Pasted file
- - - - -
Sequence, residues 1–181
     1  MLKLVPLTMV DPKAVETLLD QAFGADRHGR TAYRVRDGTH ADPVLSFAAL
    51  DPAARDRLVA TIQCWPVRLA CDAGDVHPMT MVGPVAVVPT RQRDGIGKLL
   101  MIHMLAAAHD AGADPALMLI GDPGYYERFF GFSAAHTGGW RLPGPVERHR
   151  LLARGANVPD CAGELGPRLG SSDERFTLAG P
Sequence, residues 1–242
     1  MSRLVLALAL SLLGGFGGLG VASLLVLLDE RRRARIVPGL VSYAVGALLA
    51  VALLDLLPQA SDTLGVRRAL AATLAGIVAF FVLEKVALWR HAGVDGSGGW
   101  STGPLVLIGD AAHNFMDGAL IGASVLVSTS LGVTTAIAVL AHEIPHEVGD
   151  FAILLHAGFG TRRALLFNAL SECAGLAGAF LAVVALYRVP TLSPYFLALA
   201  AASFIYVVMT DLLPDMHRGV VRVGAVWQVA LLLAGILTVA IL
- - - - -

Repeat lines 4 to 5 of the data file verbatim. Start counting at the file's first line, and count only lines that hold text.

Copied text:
   101  MIHMLAAAHD AGADPALMLI GDPGYYERFF GFSAAHTGGW RLPGPVERHR
   151  LLARGANVPD CAGELGPRLG SSDERFTLAG P